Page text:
This column appeared in the Colorado Springs Gazette. To syndicate the national version, contact DrHubbard [at] TheSurvivalDoctor [dot] com.

by James Hubbard, MD, MPH

The tragic events in Boston delivered a stark reminder that someone can set off a bomb just about any time, any place. But as devastating as any attack is, you can usually learn something from it that may save a life in the future.

The two bombs in Boston caused many horrible injuries to the victims’ legs, resulting in multiple amputations. The legs contain major arteries which if injured can cause blood loss so quickly you can die within minutes.

Why were there so few deaths when the risk for life-threatening blood loss was so great? I think it was because so many medical personnel who knew how to apply tourniquets were at the race or were there within minutes. I just read of a young woman whose doctor told her that if not for a fireman who applied a makeshift tourniquet from part of a shirt, she would have surely died.

In Colorado Springs, we’re lucky to have many military and medical personnel who have first responder skills. But what if they’re not around when an arterial injury occurs—and you are?

When to Use a Tourniquet

Recently, I was talking to a group about how to stop blood loss in the rare instance that direct pressure to the wound won’t (and in Boston, I’m sure they were loaded with these “rare instances”). When I mentioned a tourniquet, someone asked, “What is that?”

At that point I learned a valuable lesson too because I thought everyone knew what a tourniquet was—maybe just not how to use one.

Well, everyone should know what a tourniquet is, when to use it, and how to use it because it’s so simple. So I’ll teach you the basics here. One day, you may be able to save your life or someone else’s.

But, here’s another thing you should know about tourniquets: You only want to use one if the bleeding is life-threatening and direct pressure is not doing the job. Since a tourniquet cuts off all the blood supply, you run a risk of killing the tissue downstream from it. In other words, to save your life, you may lose a limb.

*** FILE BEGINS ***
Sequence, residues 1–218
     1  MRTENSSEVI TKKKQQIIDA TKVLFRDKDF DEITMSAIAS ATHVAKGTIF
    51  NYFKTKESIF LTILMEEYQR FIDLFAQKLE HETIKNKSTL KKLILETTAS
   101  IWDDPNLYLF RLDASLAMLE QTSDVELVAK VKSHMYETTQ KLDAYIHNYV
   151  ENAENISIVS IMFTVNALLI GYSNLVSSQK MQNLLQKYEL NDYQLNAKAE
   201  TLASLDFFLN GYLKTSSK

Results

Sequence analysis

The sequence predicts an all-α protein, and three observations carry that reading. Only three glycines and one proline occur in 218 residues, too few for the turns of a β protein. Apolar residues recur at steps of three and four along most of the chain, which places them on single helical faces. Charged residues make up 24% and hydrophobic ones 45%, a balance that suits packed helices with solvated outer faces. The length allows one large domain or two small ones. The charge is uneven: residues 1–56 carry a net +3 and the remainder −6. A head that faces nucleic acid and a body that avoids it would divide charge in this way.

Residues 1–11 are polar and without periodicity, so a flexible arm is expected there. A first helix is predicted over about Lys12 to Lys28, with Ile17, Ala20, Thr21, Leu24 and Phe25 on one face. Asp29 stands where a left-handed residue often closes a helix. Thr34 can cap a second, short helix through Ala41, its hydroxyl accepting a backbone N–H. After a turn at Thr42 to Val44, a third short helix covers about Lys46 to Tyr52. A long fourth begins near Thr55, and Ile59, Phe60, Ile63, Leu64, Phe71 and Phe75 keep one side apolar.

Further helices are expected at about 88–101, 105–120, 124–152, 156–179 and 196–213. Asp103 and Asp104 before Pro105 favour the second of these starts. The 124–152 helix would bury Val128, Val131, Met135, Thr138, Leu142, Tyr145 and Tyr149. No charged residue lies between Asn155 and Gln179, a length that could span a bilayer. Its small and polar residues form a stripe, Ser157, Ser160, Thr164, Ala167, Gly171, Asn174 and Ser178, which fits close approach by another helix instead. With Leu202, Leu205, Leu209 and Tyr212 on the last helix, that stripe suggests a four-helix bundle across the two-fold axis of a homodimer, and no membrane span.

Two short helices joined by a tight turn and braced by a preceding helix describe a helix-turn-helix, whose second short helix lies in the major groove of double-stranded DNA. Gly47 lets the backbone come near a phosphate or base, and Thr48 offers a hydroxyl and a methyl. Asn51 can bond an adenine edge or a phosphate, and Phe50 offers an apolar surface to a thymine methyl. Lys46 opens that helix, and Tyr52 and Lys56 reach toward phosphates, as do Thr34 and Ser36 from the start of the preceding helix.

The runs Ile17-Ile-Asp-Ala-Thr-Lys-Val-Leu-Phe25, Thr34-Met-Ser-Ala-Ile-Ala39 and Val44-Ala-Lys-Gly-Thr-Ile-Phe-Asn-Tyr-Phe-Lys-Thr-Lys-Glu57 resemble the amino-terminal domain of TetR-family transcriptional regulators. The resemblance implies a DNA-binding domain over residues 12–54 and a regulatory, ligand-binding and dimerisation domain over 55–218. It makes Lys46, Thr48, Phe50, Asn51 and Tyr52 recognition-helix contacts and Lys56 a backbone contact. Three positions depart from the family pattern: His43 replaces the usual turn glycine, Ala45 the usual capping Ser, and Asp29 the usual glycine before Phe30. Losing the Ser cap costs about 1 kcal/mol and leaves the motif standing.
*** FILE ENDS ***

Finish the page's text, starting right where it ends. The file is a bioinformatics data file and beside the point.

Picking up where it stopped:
In the Boston bombings, I suspect many of the damaged limbs were beyond saving, but as a general rule, the longer you keep the tourniquet on, the more the person is likely to lose that extremity.

How to Use a Tourniquet

A tourniquet is composed of a thick strip of strong material. You can buy one or make it out of a belt; rope; or a strip of cloth torn from, say, a shirt. The strip should be a half-inch to a couple of inches wide, and long enough to encircle an arm or leg.

Wrap the tourniquet around an area of the injured limb that’s closer to the heart than the injury. For instance, if the wound is at knee level, wrap it around the thigh. If the wound is close to the wrist, wrap it closer to the elbow, or even the upper arm.

Tighten until the bleeding stops, and fix it in place. If you’re using a belt, wrap a second time and stick the buckle prong in the hole, just like normally. With a cloth, tie both ends to a stick or something similar, and tighten by twisting the stick around and around. I show you how in a video on my website. Better yet, ask someone who already knows. It just takes a few minutes to learn. I bet they’ll be glad to teach you. Who knows? The life you save one day could be your teacher’s.

Colorado Springs family doctor James Hubbard teaches how to survive when you can’t get to a doctor at, one of the most popular survival websites. Dr. Hubbard is the author of the best-selling e-books
The Survival Doctor’s Guide to Wounds and The Survival Doctor’s Guide to Burns.